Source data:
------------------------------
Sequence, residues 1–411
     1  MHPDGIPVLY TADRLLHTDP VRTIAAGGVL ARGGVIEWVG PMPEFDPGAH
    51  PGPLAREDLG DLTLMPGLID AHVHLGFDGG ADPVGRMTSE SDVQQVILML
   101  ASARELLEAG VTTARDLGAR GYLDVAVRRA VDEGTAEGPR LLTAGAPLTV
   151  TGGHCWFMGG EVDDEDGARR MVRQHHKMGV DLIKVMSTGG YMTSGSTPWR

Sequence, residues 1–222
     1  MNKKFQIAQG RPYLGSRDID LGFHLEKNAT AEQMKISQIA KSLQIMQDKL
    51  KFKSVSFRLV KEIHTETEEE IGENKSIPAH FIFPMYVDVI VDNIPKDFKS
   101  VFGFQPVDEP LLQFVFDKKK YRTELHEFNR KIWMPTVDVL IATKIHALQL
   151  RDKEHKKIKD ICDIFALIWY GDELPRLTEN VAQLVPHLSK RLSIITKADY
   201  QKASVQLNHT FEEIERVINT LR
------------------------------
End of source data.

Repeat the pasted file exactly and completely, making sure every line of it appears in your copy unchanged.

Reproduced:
Sequence, residues 1–411
     1  MHPDGIPVLY TADRLLHTDP VRTIAAGGVL ARGGVIEWVG PMPEFDPGAH
    51  PGPLAREDLG DLTLMPGLID AHVHLGFDGG ADPVGRMTSE SDVQQVILML
   101  ASARELLEAG VTTARDLGAR GYLDVAVRRA VDEGTAEGPR LLTAGAPLTV
   151  TGGHCWFMGG EVDDEDGARR MVRQHHKMGV DLIKVMSTGG YMTSGSTPWR

Sequence, residues 1–222
     1  MNKKFQIAQG RPYLGSRDID LGFHLEKNAT AEQMKISQIA KSLQIMQDKL
    51  KFKSVSFRLV KEIHTETEEE IGENKSIPAH FIFPMYVDVI VDNIPKDFKS
   101  VFGFQPVDEP LLQFVFDKKK YRTELHEFNR KIWMPTVDVL IATKIHALQL
   151  RDKEHKKIKD ICDIFALIWY GDELPRLTEN VAQLVPHLSK RLSIITKADY
   201  QKASVQLNHT FEEIERVINT LR